It’s new comic book day! Issue 124 is out (and the super awesome Dead Body Road #4)! We wanted to do something a little different today for our LOCAL COMIC SHOP love, so we asked new TWD.com contributor Alex Wilson to write a piece on retailers for us. Here’s Alex:



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Traditional bookstores seem to be closing everyday. Huge retail chains such as Borders have closed their doors forever. Stores like Blockbuster have shut down shop because fewer and fewer people were willing to leave their homes to rent movies and DVDs. Why go to Borders to pick up an author’s new novel when you can simply order it from Amazon, usually at a cheaper discounted price? Digital media holds a tight grip around most entertainment and media industries now with businesses like Netflix allowing people to have movies right at home and devices like Kindles and Nooks giving people the option to take their stories anywhere.

This trend seems to have hit a standstill in the comic book industry, though. We aren’t seeing droves of local comic book shops closing their doors as their customers favor digital downloads instead of print copies of their favorite monthly comics. These local shops don’t only supply the comic books fans desire. They also house a community, a space to gather in many cases. People enjoy a weekly trip to the comic book shop to pick the next installment in their favorite story.

Digital sales may hold around 12%, an admittedly hefty chunk, in the comic book world but I feel at a certain point they will be stone walled.

Without these local shops fans would be hard pressed to find venues to interact with other patrons of their fandom. Comic book shops host doodle nights and gaming events for fans to gather and discuss that weeks comic books, movies, and television.

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If you walk into Samurai Comics, in Phoenix, Arizona, the staff is more than delighted to discuss what’s happening in their favorite comic books and television shows. One of the more notable titles discussed, The Walking Dead, sits front and center in the shop with a display of trade paperbacks, magazines, and fun merchandise fans of the series might be interested in. They have everything from walker statues to zombie head gelatin molds. My first thought was melting down my favorite chocolate and making a giant zombie candy bar.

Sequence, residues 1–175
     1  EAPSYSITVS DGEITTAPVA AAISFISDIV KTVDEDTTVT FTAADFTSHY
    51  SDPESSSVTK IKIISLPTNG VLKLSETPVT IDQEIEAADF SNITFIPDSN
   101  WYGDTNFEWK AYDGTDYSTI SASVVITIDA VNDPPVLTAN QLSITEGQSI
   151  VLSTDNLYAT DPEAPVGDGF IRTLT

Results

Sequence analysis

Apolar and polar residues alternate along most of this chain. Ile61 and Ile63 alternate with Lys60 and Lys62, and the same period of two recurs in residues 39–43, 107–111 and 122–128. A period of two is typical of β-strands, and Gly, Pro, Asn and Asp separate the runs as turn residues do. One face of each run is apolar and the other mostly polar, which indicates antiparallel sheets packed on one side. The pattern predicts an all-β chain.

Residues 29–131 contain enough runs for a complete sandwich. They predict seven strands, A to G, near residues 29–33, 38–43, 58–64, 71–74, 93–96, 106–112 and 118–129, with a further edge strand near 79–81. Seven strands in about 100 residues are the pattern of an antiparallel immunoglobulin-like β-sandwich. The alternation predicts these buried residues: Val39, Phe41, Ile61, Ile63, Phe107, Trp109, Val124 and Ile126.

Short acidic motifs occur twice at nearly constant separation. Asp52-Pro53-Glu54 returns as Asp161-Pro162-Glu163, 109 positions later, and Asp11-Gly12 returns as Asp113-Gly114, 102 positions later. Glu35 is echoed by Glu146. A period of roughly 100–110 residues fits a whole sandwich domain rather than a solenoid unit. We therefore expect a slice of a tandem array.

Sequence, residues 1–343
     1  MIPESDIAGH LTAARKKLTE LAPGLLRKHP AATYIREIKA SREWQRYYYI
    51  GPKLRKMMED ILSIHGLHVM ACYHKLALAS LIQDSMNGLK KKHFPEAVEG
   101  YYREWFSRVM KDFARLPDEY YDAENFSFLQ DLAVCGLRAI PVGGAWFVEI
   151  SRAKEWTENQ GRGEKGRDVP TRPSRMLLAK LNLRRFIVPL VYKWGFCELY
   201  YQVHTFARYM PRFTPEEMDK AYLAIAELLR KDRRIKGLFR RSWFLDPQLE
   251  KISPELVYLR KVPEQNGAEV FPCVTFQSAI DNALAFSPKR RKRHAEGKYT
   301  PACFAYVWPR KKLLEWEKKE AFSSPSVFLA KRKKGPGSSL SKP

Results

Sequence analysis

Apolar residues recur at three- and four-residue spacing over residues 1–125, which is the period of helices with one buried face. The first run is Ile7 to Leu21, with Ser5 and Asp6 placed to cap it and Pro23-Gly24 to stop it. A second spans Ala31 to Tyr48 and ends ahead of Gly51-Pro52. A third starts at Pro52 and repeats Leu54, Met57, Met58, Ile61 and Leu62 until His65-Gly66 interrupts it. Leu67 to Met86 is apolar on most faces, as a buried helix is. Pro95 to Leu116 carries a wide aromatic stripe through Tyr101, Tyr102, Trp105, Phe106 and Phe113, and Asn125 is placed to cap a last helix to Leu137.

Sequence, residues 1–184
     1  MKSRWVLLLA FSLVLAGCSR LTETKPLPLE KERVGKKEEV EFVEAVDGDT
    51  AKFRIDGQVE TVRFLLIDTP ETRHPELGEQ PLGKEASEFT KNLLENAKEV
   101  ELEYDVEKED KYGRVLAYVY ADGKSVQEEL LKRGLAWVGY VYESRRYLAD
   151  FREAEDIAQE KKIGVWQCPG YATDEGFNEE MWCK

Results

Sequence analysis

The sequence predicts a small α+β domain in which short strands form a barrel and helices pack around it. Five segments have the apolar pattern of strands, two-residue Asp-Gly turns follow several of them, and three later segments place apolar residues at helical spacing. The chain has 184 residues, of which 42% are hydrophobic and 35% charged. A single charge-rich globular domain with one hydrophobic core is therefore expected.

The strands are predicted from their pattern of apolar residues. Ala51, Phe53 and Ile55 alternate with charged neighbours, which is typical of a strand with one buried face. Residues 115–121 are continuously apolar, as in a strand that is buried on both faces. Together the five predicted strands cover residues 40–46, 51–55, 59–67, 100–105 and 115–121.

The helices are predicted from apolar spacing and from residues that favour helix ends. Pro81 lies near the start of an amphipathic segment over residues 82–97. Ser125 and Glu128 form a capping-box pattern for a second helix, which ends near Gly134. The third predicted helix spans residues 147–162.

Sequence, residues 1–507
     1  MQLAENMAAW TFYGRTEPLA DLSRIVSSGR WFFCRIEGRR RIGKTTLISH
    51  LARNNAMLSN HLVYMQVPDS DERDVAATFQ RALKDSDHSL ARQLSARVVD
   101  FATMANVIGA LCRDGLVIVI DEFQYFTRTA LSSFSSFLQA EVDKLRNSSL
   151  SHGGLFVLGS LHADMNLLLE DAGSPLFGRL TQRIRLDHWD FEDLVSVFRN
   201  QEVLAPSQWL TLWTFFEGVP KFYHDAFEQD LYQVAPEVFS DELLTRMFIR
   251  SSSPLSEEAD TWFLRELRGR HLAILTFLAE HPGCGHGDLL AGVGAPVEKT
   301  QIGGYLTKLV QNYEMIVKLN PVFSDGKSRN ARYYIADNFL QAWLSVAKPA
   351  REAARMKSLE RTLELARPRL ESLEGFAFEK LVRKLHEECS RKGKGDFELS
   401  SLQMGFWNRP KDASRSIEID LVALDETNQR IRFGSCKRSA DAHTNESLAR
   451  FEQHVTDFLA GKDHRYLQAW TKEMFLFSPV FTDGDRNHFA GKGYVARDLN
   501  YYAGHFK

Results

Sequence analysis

I chatted with the shop manager, Yvette Arteaga, about The Walking Dead’s effect on her shop. She commented about the show bringing those who would not have necessarily frequented comic book shops before watching The Walking Dead on AMC. People come into her shop after seeing and reading The Walking Dead to find out what else their shop have to offer.

“Do you have something else that’s in Image that’s weird and creepy and, you know, with a little more substance that has to do with real people instead of superheroes all the time?” said Yvette, imitating customers.

Traditional superhero comic books read more like soap operas than action packed adventure stories. Characters die and come back ever few months, stories become a bit preposterous, and every romantic pairing imaginable is explored. Books from Image and other independent publishers have started to realize these traditional comic book formats don’t hold the same grandiose appeal on the imagination of readers as they used to. Independent books like The Walking Dead have taken over the comic book world because they tell stories that haven’t been told before, show worlds in different lights, and don’t follow traditional story structures. I feel people love The Walking Dead for the same reason they love shows like Game of Thrones, no one is same.

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I then asker Arteaga why she thinks The Walking Dead resonates with so many people, inside and outside of what would be considered stereotypical comic book fans.

“Besides the fact that it’s horror, it actually taps into human nature like ‘what would you do?’ A lot of people didn’t think of this show as being successful because they were saying ‘oh, how is a zombie show going to work?’ Well it’s not a zombie show. It’s about people in an apocalyptic setting with no rules, no laws. You basically have to use your own morality to judge and what are you going to do? I think that opens up a new criteria of readers coming into the shop.”

Comic books, years and years ago, targeted children as their key demographic. Now the readers have grown up but still stick to the story telling medium of their youth. This has forced comic books to grow with its readers, to give them adult stories. The Walking Dead garners acclaim and success not only because of its adult story, though. This series forces readers to think deeper than many other zombie stories, especially when it first hit the shelves all those years ago.